Sunday, June 6, 2010

I Like Douthat, Usually

I have tended to like NYTimes conservative Ross Douthat, not just because he isn't Bill Kristol, but because he strikes me as a tragic figure -- a lone intellectual, trying in vain to justify the philosophies and the ideologies of a GOP that frankly hates intellectuals like Ross Douthat.

However, Douthat has an post up in response to a study stating that Generation Y-ers have less empathy than previous generations, just gets my gall up:
On the face of it, these seem like contradictory portraits — how can the same generation be more solipsistic and more interested in human betterment and ambitious social activism? But maybe they actually go hand in hand. There’s a kind of humanitarianism that’s more interested in an abstract “humanity” than in actual people, and a kind of idealism that’s hard to distinguish from moral vanity. Perhaps this is the spirit that’s at work among the empathy-deficient world-changers of Generation Y — visible, for instance, in the way that community service has become a self-interested resume-padding exercise for ambitious young climbers, or in the way that Barack Obama’s rhetoric (“we are the ones we’ve been waiting for,” etc.) managed to appeal to younger voters’ idealism and flatter their egos all at once.
There are, of course, a multiplicity of explanations that could be reached to untangle this "contradictory portrait." For instance, looking at the actual survey, it is simply possible that Generation Y has a different way of responding to questions about empathy? After all, we're in an environment where appeals to our pity and good-meaning-ness are increasingly frantic -- call it the GiveWell hypothesis; we're aware that our emotions are not the best vehicle for doing good.

Anyways, Ross Douthat's contention that we are in love with "the people" but not particular people is completely backwards given the actual nature of the survey. The survey asks about "the less fortunate" and "someone" and "them" but it doesn't actually provide empathetic scenarios and ask for action.

In a way, it would be nice for Douthat to imagine a world where the youth lack empathy. Because that means later on, when they lose their concern for the strawman of "the people," they'll become Conservatives. Because isn't that what economic and social conservatism is -- a lack of empathy for people outside of the norm?

After all, we know what the rest of conservatives think of empathy these days:


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At the end of the day, why would you privilege a questionnaire over an analysis of actions and impact?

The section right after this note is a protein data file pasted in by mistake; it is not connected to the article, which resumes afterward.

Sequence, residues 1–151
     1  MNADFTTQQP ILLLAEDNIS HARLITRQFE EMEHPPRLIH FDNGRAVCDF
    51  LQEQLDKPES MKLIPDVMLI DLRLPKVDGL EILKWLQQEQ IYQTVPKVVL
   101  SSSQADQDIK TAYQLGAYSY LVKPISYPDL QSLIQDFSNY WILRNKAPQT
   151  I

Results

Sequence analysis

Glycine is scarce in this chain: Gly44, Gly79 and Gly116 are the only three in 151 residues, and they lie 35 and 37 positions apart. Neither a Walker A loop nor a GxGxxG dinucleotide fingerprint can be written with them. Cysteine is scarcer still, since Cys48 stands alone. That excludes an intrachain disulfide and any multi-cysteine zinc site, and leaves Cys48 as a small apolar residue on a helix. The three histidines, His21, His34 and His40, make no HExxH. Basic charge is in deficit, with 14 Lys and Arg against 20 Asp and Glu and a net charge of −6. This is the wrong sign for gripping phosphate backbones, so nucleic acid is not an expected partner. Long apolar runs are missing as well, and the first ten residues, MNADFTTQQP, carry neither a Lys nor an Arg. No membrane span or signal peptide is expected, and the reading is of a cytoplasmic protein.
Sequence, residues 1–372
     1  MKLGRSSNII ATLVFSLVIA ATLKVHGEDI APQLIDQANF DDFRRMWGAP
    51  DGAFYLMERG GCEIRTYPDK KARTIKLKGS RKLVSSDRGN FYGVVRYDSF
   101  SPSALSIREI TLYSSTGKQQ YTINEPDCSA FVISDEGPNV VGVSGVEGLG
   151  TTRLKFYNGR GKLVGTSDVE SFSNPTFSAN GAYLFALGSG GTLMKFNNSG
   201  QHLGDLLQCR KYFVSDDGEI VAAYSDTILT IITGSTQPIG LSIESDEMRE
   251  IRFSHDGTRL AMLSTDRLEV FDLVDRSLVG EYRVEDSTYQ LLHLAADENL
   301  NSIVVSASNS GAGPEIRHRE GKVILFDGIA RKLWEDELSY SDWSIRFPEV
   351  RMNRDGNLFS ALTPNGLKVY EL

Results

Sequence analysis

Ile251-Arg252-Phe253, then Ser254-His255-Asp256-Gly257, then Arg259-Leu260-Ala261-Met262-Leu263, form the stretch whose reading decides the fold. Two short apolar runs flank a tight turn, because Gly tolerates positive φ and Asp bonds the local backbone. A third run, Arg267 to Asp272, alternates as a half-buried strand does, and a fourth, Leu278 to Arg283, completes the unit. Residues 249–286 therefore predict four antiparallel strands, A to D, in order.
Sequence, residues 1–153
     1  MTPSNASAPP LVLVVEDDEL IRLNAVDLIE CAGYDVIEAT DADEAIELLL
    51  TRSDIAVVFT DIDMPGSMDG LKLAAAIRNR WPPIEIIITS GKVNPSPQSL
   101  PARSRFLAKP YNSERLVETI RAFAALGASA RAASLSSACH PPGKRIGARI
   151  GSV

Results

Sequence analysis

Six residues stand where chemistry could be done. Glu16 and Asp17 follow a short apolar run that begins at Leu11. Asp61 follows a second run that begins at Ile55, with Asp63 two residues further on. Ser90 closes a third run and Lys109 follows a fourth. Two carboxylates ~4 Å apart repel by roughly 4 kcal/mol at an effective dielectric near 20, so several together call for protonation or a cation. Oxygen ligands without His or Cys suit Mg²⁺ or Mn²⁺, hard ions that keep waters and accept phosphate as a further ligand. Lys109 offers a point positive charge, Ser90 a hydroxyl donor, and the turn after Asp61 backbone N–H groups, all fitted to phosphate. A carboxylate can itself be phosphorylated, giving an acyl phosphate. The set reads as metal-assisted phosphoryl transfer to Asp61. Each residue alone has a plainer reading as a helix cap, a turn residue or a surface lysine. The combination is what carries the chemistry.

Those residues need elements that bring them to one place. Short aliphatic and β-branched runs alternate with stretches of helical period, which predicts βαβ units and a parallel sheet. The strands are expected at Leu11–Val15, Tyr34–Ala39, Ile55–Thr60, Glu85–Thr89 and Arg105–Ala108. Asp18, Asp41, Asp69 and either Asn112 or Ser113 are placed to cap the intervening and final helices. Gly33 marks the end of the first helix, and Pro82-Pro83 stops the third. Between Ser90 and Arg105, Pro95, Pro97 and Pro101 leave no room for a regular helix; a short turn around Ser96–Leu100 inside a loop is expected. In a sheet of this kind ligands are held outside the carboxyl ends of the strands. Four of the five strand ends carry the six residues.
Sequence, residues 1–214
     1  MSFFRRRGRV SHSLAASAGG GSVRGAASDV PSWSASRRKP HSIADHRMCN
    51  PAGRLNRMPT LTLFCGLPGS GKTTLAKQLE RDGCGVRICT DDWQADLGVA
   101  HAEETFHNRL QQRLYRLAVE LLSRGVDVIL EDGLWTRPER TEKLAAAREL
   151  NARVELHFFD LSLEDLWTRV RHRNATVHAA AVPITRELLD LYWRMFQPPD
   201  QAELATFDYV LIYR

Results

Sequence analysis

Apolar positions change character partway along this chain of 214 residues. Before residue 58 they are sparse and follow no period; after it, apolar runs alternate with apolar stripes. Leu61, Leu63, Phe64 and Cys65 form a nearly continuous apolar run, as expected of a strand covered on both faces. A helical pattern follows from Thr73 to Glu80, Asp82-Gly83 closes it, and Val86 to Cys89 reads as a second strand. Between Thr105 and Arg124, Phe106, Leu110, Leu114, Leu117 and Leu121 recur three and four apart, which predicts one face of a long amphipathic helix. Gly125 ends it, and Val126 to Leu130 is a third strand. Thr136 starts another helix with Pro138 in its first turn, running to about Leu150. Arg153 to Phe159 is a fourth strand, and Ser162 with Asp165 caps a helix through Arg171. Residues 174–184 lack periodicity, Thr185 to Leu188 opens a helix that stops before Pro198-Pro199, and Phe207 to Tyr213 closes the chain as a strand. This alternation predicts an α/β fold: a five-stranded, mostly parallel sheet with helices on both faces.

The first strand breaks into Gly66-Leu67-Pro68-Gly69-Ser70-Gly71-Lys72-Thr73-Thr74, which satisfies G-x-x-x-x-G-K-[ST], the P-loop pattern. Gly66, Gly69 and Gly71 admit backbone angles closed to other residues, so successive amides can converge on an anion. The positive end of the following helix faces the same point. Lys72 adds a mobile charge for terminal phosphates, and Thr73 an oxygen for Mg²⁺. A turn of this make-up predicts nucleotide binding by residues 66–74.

2 comments:

isaac butler said...

I would love to read an explanation by you for how Ross Douthat's writings about sex, sexuality, women's rights and reproductive freedoms fall under the heading of intellectual. They seem entirely like someone trying to justify his fears around his own suppressed sexual longings.

Or for more on this:
http://wonkette.com/407085/misogynist-neck-beard-ross-douhat-shares-his-sexy-stories

CultureFuture said...

Well, I've always had the feeling that Douthat is a Super-ego trying to swallow an Id -- the GOP is this gigantic Id that is spewing out "philosophies" and talking points as though it was a full brain, and Douthat is trying to come along and translate parts of it into the heady, philosophical-sounding language of the super-ego. If that makes sense. In other words, he's trying to take the language of truthiness and rewrite it in the language of the New York Times opinion editorial.

To specifically address the sex, the process seems pretty clear to me. Awkward Ross Douthat has a poor sexual encounter. Why? Because he's in his super-ego trying to figure out what he's supposed to do: "I wasn’t sure what to say, but then I wasn’t sure this was what I wanted." By the phrase "what I wanted" he really means "what I expected" or "what I was looking for." This is something not going according to plan, and thus he is scared.

That all part is something I can sympathize with. The part I don't sympathize with is the next part of the Douthat method.

Afterwards the encounter, he's trying to figure out why things didn't go the way he planned. The part that sticks out to him is the part that was most unplanned: the birth control thing. After all, you rarely see it in the movies/pornography - when Bruce Willis (or whatever right-wing sex icon you choose) is about to lay a woman down onto the bed for some sweet love, she doesn't stop and say, "You know, I'm on the pill."

So, for Douthat, there's an emotional situation here. But Douthat isn't an emotional dude who fumbles around with condoms and can't talk to girls -- he's not going to co-star with Michael Sera in Superbad. No, there must be something larger going on here, something that gets his male confusion off the hook: it must be the pill's fault.

And thus it becomes a philosophical standing, incorporated into the world-view, so that Douthat doesn't have to admit it's a personal emotional thing.

In other words, I should have put "intellectual" into quotation marks. Really, he's just someone who wants to make the Id wear a suit and be polite at cocktail parties.